Are The Sexual Assault Allegations Against Russell Brand His Punishment For Questioning The Left?


Danny Masterson is an actor most people haven’t thought about for a long time, if at all. By all accounts, his career peaked all the way back in 2006, with the conclusion of the sitcom “That 70’s Show.” But a few years ago, all of a sudden, Masterson’s name was everywhere. That’s because in March of 2017 — the year the #MeToo movement began in earnest — Masterson was accused of sexual assault by three women. In response, without waiting for a trial, Netflix summarily fired Masterson from his role as a series regular on one of their shows. Three years later, in the summer of 2020, Masterson was formally charged with three rapes in Los Angeles, a jurisdiction that “believes all women.” Prosecutors said one rape occurred in 2001, another in early 2003, and a third in late 2003.

Right off the bat, the timeline raises some obvious questions. For one thing, how is it possible to prove rape beyond a reasonable doubt, 20 years after the fact, in the absence of any physical evidence of violence or drugging? You might think that the accusers must have had airtight stories. But that’s not true in this case. In fact, one of the accusers previously told authorities that Masterson had not raped her. She says that she only realized years later that she was raped. She originally thought it was consensual, and then — years after the fact — changed her mind. All of this explains why, late last year, the jury deadlocked. There was a mistrial. According to the foreman on that jury, they were leaning towards acquittal on every count. He said that they found the stories from the accusers to be inconsistent, contradictory, and implausible. 

But then, just a couple of weeks ago, as you might have heard, Masterson was put on trial again. And this time around, the judge changed the rules. The judge allowed testimony that Masterson had drugged his victims, even though there was no physical evidence of that. In the first trial, the prosecution was only allowed to describe the condition of the accusers after they consumed alcoholic beverages that Masterson gave them, describing them as woozy and disoriented. They weren’t allowed to directly claim that the women were drugged because there was no evidence of that — no evidence that their wooziness was the result of anything more than the alcohol they were drinking. In the second trial, that kind of caution was thrown to the wind, and — again without any actual evidence — Masterson was accused of drugging his alleged victims. That apparently did the trick, and Masterson was convicted after the retrial. He was sentenced to 30 years in prison.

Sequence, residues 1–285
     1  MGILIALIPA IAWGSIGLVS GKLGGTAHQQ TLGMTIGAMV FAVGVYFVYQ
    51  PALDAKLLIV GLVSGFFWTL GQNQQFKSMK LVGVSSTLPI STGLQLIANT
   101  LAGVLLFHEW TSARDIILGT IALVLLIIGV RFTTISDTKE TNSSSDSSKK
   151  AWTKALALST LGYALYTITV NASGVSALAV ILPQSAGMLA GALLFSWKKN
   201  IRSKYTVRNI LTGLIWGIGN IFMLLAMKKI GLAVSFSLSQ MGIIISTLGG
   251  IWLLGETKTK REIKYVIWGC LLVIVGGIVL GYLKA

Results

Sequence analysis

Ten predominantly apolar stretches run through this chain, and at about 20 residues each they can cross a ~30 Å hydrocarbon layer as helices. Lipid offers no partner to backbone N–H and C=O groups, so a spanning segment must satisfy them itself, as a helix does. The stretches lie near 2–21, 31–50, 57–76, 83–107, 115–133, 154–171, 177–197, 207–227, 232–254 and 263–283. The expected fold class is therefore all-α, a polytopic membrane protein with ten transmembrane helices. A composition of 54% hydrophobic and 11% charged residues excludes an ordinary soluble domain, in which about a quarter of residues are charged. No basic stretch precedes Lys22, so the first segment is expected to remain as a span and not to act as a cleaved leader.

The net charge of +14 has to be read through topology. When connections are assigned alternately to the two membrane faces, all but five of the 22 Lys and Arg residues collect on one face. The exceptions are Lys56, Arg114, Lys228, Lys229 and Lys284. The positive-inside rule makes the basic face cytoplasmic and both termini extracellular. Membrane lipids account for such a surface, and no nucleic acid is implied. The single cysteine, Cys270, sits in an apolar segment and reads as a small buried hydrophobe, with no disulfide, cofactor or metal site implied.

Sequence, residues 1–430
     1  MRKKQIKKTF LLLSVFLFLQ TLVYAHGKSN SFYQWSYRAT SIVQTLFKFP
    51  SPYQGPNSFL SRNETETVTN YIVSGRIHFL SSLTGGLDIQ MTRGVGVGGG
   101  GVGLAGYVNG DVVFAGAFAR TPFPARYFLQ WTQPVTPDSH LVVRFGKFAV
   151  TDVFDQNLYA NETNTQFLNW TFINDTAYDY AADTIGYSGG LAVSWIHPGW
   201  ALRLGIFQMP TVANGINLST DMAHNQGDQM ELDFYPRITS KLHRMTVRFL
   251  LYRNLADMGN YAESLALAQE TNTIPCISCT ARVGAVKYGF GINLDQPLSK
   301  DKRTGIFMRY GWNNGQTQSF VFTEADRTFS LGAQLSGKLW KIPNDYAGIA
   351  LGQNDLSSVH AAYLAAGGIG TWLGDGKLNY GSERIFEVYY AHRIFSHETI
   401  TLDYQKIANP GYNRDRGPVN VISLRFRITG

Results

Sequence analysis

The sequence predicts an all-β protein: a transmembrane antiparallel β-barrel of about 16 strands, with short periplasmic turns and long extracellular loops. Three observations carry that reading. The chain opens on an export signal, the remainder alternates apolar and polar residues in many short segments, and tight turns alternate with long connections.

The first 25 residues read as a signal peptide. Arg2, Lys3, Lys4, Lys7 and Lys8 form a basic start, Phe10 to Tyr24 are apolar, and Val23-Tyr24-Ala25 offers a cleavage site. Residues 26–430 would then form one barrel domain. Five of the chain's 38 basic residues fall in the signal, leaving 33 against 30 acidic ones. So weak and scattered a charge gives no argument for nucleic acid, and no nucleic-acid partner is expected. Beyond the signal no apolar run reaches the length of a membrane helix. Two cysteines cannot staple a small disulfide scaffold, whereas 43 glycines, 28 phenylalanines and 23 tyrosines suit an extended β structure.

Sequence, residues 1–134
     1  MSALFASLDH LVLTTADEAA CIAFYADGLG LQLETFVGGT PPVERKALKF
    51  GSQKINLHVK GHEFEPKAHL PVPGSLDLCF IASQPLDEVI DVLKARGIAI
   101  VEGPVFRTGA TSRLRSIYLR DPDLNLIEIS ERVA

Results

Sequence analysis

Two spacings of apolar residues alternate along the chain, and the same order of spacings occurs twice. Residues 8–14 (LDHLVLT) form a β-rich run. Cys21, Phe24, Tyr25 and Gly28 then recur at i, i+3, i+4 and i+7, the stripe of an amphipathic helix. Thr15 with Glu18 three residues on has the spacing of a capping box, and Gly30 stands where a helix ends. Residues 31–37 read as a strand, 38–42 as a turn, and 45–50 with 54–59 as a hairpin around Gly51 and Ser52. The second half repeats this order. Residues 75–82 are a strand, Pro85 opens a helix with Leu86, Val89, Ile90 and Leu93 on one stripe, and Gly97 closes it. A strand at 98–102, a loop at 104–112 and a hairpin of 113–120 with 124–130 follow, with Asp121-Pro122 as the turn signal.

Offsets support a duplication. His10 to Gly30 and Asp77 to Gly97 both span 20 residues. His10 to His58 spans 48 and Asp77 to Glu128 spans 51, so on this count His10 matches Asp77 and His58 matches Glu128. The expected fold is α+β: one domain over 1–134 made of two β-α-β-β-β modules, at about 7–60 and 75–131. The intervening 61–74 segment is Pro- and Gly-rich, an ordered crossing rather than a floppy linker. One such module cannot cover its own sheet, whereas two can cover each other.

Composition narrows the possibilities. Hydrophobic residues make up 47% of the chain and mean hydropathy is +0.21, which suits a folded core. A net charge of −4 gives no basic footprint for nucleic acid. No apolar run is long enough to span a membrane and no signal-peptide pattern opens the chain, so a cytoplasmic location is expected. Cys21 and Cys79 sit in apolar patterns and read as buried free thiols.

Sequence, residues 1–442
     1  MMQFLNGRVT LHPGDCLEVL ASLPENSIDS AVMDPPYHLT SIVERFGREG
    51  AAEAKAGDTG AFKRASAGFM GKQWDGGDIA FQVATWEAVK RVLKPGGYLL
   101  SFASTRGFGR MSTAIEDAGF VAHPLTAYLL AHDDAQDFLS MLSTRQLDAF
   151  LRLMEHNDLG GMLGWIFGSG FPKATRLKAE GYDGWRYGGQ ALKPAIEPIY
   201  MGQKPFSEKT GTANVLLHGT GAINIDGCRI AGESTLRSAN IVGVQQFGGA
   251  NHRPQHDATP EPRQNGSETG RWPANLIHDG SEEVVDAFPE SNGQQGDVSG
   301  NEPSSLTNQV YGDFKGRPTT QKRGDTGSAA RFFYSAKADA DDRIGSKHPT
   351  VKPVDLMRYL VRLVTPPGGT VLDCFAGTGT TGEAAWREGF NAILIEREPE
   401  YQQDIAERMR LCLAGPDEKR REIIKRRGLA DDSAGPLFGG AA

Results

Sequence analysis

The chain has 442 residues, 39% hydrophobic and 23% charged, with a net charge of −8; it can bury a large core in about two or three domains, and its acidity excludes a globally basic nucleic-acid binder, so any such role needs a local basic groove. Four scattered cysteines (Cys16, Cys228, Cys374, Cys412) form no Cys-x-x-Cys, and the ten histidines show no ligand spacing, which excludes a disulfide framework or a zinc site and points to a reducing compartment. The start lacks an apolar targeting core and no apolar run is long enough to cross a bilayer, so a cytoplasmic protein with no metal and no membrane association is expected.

You don’t have to like Danny Masterson, or know who he is, or believe he’s innocent, to understand the implications of what happened to him. Danny Masterson’s case is proof that, even in 2023, years after the #MeToo hysteria has faded, physical evidence of wrongdoing is not required to convict someone of rape and destroy their life — neither is timely reporting, or a consistent story from the alleged victims. All you need is a story. Danny Masterson’s case demonstrates that. 

For one thing, that means our judicial system isn’t exactly functioning the way it should. But you knew that already. What Masterson’s case also means, if you think about it from the perspective of the government, is that accusations of rape are trivially easy to use as political weapons. Masterson’s own case doesn’t appear to be political, but it shows how easy it could be, and has been, to use a rape accusation to achieve a political end. You’d hate to think that false stories about rape could ever be deployed for these kinds of purposes — to ruin the lives of influential voices who challenge the people in power — but increasingly, that’s exactly what’s happening. 

A few days ago, the influential comedian and commentator Russell Brand uploaded this video, explaining that he’s now being accused of sexual assault by multiple media outlets. Watch: